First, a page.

Salmon Recovery Relies on Free-Flowing Riverby Joseph Bogaard
Seattle Post-Intelligencer - April 23, 2003
Thank you for Robert McClure's April 10 article Snake River on Watchdog's Sick List. I offer two clarifications on an issue plagued by misunderstanding: removing the four Lower Snake River dams to restore wild salmon.
First, while the dams do generate energy for a Seattle-sized city, most of it comes when least needed -- in spring when the region has high runoff and relatively low demand.
In winter, when demand is greatest, the four dams generate about half that. Overall, they contribute less than 5 percent of our region's energy while damming 140 miles of once-exceptional free-flowing river and they are driving our salmon toward extinction. Last fall, Rand Corp. issued a report recommending that the Northwest reduce its overreliance on hydropower and estimated that removing these four dams could generate up to 15,000 new jobs in the region. For a struggling economy like Washington's, job creation via salmon-recovery, energy-efficiency and wind-power investments reflects a path forward, particularly in rural communities.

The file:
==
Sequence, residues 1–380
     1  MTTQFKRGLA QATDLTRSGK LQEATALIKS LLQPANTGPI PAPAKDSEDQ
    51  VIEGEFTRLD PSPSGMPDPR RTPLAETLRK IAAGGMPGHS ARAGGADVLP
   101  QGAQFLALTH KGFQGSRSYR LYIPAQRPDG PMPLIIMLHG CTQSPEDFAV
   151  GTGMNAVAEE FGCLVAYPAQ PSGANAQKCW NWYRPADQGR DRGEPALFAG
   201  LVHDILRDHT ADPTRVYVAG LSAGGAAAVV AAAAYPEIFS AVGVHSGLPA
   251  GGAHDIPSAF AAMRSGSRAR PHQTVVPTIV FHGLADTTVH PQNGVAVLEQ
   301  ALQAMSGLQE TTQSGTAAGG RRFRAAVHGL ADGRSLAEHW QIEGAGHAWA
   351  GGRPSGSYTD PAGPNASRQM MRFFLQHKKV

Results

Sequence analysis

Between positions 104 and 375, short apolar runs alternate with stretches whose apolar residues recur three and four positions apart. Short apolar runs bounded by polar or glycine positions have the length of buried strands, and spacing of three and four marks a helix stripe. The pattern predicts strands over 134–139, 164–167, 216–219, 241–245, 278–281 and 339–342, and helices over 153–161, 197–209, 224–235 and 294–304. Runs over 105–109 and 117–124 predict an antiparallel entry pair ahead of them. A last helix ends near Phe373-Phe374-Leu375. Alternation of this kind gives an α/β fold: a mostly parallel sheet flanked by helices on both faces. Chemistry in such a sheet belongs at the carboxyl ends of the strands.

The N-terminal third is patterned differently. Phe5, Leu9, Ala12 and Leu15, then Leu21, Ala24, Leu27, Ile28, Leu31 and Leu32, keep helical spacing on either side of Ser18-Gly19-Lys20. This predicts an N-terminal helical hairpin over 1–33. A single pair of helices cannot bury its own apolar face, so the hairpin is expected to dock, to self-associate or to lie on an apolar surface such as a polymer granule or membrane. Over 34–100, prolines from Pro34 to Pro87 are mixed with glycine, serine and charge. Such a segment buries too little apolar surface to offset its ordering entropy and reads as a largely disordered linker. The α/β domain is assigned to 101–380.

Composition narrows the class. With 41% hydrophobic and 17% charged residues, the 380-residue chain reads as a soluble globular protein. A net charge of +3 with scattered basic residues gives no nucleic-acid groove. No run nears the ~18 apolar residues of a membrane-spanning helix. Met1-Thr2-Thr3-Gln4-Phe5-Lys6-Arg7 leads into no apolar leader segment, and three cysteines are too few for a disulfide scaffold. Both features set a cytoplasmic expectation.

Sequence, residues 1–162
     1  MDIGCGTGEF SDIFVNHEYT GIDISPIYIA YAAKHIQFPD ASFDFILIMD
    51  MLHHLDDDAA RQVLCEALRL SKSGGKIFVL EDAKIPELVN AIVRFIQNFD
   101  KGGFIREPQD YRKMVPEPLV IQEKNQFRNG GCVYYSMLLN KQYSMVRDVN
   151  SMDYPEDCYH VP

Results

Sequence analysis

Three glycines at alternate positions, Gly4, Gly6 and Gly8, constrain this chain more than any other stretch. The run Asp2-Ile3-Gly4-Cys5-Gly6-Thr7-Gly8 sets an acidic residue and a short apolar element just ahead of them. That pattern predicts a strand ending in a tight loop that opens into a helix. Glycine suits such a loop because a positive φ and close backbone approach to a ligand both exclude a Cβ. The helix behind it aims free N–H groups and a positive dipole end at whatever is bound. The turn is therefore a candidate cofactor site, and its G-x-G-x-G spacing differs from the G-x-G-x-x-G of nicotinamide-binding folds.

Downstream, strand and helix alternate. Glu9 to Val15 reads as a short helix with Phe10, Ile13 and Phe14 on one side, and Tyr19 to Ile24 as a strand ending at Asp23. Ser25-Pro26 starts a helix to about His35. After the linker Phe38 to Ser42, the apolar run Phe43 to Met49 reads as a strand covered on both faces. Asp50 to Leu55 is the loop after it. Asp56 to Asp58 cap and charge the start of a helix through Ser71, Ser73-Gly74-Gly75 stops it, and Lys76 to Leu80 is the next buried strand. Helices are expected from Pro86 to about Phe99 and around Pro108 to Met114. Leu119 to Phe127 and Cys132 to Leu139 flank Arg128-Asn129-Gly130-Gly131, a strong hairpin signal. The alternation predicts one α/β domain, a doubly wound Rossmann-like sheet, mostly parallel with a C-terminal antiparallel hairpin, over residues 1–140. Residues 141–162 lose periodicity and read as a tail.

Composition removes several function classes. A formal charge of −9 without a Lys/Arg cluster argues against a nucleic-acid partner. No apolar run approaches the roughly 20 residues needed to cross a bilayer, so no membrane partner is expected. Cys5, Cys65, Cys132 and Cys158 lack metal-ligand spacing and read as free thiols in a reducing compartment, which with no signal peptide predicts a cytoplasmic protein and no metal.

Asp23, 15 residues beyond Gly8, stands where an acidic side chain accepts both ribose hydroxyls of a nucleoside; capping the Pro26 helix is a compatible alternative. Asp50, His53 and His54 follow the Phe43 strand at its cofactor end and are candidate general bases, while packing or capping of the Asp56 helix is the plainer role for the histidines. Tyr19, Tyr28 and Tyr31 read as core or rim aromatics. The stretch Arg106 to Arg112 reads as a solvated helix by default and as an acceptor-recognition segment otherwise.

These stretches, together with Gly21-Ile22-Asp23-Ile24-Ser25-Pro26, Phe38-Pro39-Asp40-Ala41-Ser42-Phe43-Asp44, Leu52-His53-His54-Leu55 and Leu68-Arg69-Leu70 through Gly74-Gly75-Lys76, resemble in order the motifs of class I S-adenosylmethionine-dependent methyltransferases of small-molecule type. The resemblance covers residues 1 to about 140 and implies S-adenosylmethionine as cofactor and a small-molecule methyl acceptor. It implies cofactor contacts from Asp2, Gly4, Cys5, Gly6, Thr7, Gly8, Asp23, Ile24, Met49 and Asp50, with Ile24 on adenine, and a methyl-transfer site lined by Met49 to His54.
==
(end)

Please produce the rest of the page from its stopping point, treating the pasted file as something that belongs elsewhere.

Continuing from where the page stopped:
Second, the article suggests that irrigation for farming depends on these dams. Irrigation on the Lower Snake River began long before the dams were completed in the 1970s and would continue after their removal. A free-flowing Snake River would lower the water level and, thus, increase the cost of pumping slightly. The water rights would remain unimpaired.
Salmon recovery in the Snake River basin depends on restoring a free-flowing river and alternatives currently exist to remove the dams while protecting and enhancing the economic prospects for rural communities of the Northwest.
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